MMT is alive, but not so well

We don’t call it that, but what we are seeing is government implementing Modern Monetary Theory (MMT) – spending and more spending without revenue to back it up.

Even the decline in the deficit is short lived, resulting mostly from decline in COVID spending.

And we are seeing the results. With the combination of very low unemployment, supply shortages and inflation we are headed to the result that MMT proponents predict – higher taxes and higher interest rates.

BENGALURU (Reuters) – The Federal Reserve is expected to deliver two back-to-back half-point interest rate hikes in May and June to tackle runaway inflation, according to economists polled by Reuters who also say the probability of a recession next year is 40%.

With the unemployment rate near a record low, inflation the highest in four decades and a surge in global commodity prices set to persist, most analysts say the Fed needs to move quickly to keep price pressures under control.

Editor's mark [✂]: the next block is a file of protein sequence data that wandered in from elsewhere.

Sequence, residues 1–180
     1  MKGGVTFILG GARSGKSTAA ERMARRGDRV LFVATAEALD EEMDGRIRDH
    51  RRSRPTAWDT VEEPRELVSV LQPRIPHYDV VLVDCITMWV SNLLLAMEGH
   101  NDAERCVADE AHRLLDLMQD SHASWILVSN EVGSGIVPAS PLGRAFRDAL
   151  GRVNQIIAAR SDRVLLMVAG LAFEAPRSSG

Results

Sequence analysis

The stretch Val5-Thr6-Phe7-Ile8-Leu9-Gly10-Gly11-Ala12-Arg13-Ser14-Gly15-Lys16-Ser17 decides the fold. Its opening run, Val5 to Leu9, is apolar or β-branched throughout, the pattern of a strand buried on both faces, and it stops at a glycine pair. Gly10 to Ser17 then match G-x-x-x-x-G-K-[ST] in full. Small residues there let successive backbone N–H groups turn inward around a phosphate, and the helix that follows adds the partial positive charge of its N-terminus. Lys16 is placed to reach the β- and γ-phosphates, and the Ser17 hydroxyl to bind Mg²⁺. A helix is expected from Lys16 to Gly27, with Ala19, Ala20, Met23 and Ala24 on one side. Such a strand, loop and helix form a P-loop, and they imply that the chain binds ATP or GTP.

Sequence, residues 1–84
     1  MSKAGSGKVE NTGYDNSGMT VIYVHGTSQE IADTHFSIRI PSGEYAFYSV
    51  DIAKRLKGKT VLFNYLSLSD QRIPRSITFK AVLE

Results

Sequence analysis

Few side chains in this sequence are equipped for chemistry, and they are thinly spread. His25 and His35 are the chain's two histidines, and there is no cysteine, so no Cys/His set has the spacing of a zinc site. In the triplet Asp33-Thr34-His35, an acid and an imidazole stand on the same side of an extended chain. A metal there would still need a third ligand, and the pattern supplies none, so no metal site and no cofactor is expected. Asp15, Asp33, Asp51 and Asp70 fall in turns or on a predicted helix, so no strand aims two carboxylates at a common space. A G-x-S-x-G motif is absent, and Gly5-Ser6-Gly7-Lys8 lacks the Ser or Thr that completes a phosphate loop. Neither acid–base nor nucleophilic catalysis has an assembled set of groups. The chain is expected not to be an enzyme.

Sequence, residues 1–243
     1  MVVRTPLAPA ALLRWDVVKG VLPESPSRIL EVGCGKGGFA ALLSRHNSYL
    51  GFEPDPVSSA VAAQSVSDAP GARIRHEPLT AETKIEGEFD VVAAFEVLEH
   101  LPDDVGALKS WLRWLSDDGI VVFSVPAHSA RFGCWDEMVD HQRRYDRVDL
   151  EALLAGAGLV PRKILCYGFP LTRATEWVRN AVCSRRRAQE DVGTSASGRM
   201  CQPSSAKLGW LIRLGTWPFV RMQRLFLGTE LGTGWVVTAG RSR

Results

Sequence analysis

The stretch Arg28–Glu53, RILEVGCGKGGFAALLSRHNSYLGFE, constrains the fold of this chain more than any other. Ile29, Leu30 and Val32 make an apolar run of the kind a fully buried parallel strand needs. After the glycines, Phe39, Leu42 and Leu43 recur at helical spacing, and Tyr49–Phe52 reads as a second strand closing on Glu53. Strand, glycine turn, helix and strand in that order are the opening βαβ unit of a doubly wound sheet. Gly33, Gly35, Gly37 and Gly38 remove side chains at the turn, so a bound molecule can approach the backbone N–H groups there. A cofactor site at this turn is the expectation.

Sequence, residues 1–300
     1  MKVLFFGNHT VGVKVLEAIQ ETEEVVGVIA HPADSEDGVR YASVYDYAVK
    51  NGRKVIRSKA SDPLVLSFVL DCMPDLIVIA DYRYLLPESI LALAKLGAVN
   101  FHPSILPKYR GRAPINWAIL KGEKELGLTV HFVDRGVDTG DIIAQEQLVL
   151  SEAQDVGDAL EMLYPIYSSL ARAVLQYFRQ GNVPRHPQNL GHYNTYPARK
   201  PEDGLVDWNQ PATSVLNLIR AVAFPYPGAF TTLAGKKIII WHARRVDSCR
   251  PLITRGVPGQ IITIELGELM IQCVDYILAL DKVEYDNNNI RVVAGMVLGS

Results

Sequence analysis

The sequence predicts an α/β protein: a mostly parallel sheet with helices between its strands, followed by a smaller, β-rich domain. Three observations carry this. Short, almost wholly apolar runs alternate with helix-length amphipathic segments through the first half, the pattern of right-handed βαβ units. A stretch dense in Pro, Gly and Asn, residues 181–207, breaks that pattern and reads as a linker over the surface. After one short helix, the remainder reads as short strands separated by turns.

The latest April 4-8 Reuters poll of more than 100 economists forecast two half-point rate rises this year, the first such move since 1994, taking the federal funds rate to 1.25%-1.50% by the June meeting.

By Indradip Ghosh and Prerana Bhat

One comment

  1. Federal funds rate was raised last month by 0.25%, the first of predicted 7 rate changes for the year. If the next 2 changes are 0.50% each, then assuming the last 4 are just 0.25% each, we will be at minimum 2.55%-2.50% by end of the year. Hopefully the economy is strong enough to handle this quick of change.

    Liked by 1 person

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